My dad has always performed physical labor to some extent and has suffered Carpal Tunnel Syndrome in both of his wrists. He underwent open-hand surgery both times and had near recovery in little to no time at all. The surgery was relatively brief, composed of freezing the area and then performing the incision while the patient is awake (and can even watch - although not recommended).

Wrist Support Immobilization

      Nowadays these devices are only recommended during the night or during the activity which elicits the symptoms of CTS.


      Often overlooked in modern life, some 'down time' may alleviate discomfort and accelerate recovery.


    1. www.arthritis.ca
    2. www.emedicine.com
    3. www.ninds.nih.gov
    4. www.ncbi.nlm.nih.gov

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The carpal tunnel is located underneath the flexor retinaculum, which is a sheath protecting numerous objects in the wrist. The carpal tunnel is essentially the space between the hand and the bones. However, in this day and age, when one says carpal tunnel, they usually are referring not to the anatomical structure, but to the very painful condition known as Carpal Tunnel Syndrome.

Carpal Tunnel Syndrome is commonly described as a state in which the median nerve is compressed at the wrist. It is more commonly found in woman than men, and usually occurs around the age of 42. Don't let this mislead you, however, for any gender/age is susceptible to suffering from Carpal Tunnel Syndrome.

It is important that even if you don't think you have Carpal Tunnel Syndrome you take the necessary steps to equip yourself with the valuable knowledge of it in the instance you should acquire it.

What Are Some Signs Of Carpal Tunnel?

Carpal Tunnel Syndrome first makes it's mark by causing numbness and/or paresthesia, which is a burning/tingling sensation, in the digits and/or palm. This commonly occurs first while sleeping due to the fact of the matter that many people sleep with a bent wrist. Unfortunately, this can further worsen the compression of the carpal tunnel.

Some may wrongly associate this feeling with their hands simply "falling asleep," or poor blood circulation at first. As the syndrome progresses however, one should be able to conclude that their condition is in fact not simply a matter of poor blood circulation, but rather Carpal Tunnel Syndrome. This is because as time goes on, weakness and difficulty clenching the fist become symptoms. However, unless numbness and/or paresthesia are present and dominant as symptoms, it is unlikely that Carpal Tunnel Syndrome is the primary cause of your condition.

What Are Some Good Exercises For Carpal Tunnel Syndrome?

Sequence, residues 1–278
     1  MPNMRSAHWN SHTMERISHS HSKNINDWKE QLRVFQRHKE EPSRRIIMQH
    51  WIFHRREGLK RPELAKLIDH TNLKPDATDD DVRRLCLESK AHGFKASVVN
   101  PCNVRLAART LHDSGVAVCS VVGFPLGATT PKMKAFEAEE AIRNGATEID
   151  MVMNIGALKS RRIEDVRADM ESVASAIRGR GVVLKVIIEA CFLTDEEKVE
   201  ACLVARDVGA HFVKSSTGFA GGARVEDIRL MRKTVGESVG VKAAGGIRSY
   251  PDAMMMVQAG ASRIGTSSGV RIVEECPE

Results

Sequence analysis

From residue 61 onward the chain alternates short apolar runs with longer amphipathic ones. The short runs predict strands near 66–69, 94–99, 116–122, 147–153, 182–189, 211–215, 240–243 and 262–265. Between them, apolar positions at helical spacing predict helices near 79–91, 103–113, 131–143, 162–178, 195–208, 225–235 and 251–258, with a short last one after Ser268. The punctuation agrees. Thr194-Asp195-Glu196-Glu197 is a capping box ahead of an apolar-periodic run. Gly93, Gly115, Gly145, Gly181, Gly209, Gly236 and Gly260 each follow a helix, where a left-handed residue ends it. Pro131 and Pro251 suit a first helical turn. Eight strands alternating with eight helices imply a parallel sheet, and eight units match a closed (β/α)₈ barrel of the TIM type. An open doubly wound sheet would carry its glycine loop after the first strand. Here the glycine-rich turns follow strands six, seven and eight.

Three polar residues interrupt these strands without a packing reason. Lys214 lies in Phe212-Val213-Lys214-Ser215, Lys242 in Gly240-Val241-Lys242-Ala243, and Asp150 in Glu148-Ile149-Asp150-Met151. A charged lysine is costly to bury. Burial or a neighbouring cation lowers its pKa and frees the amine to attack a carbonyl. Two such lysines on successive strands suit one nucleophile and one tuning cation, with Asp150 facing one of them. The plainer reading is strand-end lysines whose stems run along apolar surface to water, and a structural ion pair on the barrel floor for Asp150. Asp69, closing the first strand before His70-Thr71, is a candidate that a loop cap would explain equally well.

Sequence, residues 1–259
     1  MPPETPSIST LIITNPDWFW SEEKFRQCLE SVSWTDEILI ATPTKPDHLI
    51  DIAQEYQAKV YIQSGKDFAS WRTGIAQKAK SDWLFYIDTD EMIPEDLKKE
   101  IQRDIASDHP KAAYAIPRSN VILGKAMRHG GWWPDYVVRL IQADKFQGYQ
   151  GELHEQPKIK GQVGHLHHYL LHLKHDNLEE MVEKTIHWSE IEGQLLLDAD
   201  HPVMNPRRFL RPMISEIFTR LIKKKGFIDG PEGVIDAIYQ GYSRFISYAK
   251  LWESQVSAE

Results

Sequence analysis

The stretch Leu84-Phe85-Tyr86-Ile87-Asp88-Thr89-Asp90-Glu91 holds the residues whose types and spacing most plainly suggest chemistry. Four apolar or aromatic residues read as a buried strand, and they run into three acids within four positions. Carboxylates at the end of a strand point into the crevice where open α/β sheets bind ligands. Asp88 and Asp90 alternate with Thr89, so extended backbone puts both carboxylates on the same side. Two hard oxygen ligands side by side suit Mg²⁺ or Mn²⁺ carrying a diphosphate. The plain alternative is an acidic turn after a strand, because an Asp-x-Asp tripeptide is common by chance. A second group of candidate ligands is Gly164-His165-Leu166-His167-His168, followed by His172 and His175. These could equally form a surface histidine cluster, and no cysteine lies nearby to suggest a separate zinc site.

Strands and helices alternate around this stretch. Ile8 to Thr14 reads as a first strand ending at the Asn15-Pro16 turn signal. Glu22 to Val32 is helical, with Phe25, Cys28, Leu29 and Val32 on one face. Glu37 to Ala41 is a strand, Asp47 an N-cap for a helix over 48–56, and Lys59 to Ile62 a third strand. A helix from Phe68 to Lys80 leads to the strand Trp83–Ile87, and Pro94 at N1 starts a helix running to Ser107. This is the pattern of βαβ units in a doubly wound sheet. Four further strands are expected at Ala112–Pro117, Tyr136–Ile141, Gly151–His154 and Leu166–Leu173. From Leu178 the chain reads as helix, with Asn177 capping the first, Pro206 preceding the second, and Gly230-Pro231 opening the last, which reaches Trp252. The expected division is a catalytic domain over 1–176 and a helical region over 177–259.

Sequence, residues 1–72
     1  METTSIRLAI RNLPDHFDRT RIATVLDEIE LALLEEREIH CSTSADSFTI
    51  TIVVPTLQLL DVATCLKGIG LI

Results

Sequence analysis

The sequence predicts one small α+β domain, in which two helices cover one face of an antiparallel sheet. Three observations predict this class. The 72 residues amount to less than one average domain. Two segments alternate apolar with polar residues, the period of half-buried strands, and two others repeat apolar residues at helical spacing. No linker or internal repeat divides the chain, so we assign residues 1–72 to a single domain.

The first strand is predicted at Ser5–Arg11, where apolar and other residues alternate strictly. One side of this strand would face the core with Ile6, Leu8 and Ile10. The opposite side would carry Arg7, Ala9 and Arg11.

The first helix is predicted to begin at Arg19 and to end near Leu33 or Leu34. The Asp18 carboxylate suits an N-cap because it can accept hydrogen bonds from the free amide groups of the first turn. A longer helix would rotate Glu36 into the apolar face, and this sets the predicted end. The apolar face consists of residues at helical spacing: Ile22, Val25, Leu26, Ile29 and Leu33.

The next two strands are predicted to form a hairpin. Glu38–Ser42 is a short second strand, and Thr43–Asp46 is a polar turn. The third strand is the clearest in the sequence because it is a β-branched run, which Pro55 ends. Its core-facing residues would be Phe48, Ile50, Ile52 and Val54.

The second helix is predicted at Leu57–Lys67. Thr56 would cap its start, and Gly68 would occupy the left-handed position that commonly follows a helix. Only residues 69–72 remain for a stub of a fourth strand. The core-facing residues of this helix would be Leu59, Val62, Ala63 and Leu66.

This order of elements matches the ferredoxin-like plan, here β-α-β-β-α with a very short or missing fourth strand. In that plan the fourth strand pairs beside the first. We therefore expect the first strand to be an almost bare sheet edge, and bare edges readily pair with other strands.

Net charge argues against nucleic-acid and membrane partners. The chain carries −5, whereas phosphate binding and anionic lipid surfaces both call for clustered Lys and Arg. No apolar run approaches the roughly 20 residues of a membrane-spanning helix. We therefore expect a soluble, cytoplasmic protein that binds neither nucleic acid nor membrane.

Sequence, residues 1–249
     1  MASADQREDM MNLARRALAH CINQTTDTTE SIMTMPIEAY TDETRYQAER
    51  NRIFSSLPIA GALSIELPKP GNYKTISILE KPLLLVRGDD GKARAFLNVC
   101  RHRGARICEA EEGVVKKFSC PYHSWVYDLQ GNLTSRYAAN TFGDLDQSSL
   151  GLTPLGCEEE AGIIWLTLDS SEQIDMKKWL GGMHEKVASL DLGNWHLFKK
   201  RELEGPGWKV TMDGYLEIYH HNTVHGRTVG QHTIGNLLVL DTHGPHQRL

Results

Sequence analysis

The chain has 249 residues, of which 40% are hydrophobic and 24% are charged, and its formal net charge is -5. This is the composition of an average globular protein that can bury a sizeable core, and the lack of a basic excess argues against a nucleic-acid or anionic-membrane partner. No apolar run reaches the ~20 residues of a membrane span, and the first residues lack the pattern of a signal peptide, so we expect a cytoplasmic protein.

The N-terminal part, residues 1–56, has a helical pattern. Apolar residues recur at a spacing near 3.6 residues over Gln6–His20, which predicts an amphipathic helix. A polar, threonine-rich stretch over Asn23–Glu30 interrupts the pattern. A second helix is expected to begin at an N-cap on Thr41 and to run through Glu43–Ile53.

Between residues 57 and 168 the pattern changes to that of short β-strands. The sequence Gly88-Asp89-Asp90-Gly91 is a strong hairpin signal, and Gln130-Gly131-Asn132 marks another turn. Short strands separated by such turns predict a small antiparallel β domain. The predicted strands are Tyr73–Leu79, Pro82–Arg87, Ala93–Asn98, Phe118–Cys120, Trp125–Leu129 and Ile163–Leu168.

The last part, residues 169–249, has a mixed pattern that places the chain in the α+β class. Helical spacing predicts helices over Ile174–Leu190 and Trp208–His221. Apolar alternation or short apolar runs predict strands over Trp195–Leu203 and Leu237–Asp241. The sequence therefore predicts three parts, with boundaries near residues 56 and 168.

When exercising for Carpal Tunnel Syndrome, the goal is to stretch the forearm muscles while reducing tension on tendons. This can be reached through various means of stretching and other flexing motions.

A great exercise is the one created by Dr. Housang Seradge.

Remember that you should talk with your doctor first before starting any exercise program to make sure it is necessary for your specific condition of Carpal Tunnel Syndrome and for other health reasons.

What Are Other Treatment Options?

Treating Carpal Tunnel Syndrome is like a dual-edged sword. On the one hand, it is difficult to treat. On the other, however, there are many various different treatment options available for Carpal Tunnel Syndrome. Here is a list of the most popular and effective available solutions:


      An injection of cortisone can be an effective way to reduce swelling and nerve pressure. Of course, you can also always use an aspirin or other over-the-counter medicine to relieve pain and somewhat control the symptoms.

Steroid Injections

      This will help with the pain tremendously in the short-run, however it is not recommended for the long-run. Use this option while you plan your permanent affecting attack such as surgery.


      Surgery is the one option that should really be considered and performed if Carpal Tunnel Syndrome is found to indeed be existent. It has a high success rate and is a permanent fix to your excruciating pain.

Immobilizing Braces

This is another possibility. A simple splint or brace worn during the suspected causing activity and at night may do the trick. However, activity modifications in many cases will work just as well.

Treating The Primary Cause

      In some cases, the Carpal Tunnel Syndrome people are experiencing is but a secondary condition to another primary one, such as a metabolic disorder. By treating the primary cause, one may reverse the Carpal Tunnel Syndrome as well.


I wish you all the best in your pursuit to live a Carpal Tunnel Syndrome free life.